GA Comic Books that Warp Your Mind
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I've long been fascinated by the GA books that were criticized during the anti-comic-book crusades of the 40's and 50's, thus my interest in SOTI. I particularly like taking those comic book descriptions by Wertham and others, and trying to figure out exactly which books they were criticizing. This led to the discovery of SOTI books and suspected SOTI books like Love Problems and Advice Illustrated #11, Tween-age Digest #1 and Rangers #38.

 

I made a new discovery that I figured might be appreciated here in GA. Way back in 1947, Colton Waugh's book The Comics was published. It was mostly a look at comic strips, but the last chapter was a pretty unflattering look at comic books.

 

He only describes one comic book in enough detail that you can figure out which one it is. I figured this one out, and I'm betting you other GA fans can probably also figure it out as well. In case you like a good comic book history mystery as much as I do, I won't tell you just yet where the quote below came from. For the answer, either do a little research on your own, or go to the SOTI website and find what I posted there, or just keep an eye on this thread. If you figure out the comic book Waugh is describing here, post it below. If nobody posts the answer in a few days, I'll post it here.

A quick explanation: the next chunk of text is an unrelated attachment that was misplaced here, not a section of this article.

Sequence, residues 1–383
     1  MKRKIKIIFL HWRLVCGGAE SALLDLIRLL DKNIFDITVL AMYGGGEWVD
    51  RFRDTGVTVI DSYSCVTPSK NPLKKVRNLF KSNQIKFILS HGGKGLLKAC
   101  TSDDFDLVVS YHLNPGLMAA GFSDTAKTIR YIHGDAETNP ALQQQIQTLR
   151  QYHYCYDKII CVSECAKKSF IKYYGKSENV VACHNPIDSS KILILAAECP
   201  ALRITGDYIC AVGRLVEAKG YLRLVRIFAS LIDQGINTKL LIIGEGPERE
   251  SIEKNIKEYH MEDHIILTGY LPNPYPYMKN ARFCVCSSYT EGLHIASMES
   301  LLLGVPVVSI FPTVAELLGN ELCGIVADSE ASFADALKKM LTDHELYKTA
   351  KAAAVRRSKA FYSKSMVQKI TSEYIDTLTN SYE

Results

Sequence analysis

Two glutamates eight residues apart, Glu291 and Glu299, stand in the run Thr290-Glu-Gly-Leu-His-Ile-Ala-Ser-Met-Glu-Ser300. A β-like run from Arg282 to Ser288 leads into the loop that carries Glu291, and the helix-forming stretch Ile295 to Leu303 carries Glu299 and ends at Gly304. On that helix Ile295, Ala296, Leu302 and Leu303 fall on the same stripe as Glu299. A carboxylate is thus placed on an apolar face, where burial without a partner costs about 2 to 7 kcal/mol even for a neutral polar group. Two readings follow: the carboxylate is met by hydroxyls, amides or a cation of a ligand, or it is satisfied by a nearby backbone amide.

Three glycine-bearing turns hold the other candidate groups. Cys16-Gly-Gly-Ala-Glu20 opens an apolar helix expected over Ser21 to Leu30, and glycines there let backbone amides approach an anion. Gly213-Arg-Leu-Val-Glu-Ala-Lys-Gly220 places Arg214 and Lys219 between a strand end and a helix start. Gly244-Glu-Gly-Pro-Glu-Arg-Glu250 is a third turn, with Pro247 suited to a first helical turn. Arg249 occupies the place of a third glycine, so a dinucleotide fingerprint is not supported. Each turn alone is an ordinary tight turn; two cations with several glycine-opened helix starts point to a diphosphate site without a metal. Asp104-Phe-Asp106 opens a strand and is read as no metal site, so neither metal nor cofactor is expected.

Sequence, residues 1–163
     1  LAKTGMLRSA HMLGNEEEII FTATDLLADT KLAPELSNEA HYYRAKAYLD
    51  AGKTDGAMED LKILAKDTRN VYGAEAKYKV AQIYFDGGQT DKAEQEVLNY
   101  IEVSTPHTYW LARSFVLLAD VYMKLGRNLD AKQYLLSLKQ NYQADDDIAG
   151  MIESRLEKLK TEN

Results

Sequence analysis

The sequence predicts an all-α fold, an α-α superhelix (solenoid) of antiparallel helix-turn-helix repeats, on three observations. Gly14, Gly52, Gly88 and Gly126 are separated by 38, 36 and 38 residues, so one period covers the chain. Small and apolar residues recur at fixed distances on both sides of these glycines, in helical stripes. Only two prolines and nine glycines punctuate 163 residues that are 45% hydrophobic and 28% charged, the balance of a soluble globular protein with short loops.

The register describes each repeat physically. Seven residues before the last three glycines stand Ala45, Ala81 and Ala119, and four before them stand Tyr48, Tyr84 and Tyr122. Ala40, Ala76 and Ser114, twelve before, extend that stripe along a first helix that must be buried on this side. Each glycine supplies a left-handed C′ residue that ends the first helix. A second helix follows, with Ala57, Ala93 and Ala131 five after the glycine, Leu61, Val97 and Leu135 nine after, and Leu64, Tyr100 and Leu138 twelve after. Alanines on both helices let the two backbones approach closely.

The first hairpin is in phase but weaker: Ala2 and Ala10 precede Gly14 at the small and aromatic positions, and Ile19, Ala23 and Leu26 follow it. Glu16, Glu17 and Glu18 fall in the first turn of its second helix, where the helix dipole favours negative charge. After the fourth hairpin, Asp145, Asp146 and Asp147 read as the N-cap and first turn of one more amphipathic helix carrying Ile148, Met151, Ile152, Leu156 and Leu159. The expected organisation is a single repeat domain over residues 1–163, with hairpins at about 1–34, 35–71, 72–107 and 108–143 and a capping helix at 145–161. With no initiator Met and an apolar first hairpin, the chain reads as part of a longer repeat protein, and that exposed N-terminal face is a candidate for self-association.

Take a typical comic-book cover of World War II days.

Scene, a Jap wireless shack, through whose open door is seen a vessel being dive-bombed and bursting into flames. Which side is that ship on? It isn't obvious. In the foreground a Jap is sending a message under difficulties; he screams, revealing hideous buck-teeth as he sends. A baseball bat swung by a tough youngster has smashed him on the head in a white explosion. Another Jap, with bloody Samurai sword in one hand, spitting gun in the other, has has also been socked by a noble, hooded male in brilliant blue. Meanwhile a blood-red blond man is smashing the power plant with his gloved fists -- Hey! Look out! There's a green Jap splut-sputting him with a machine gun! Yes, but see that blond, teen-age girl crouching on the pink table; she's got a blood-red ax; she's coming down on the Jap's head, or is she? A hideous, shaven crook is leaning through a porthole aiming a blowgun at her -- Yeah, but see that youngster in the blue business suit jabbing a bayoneted rifle at the whole group -- But another jap is reaching at him! Ah, but a gorgeous superwoman with blood-red hair and highly stylized harlequin mask, through which peer blood-white eyes is strangling the Jap with one of her delicate arms, as with the other, she -- oh, well.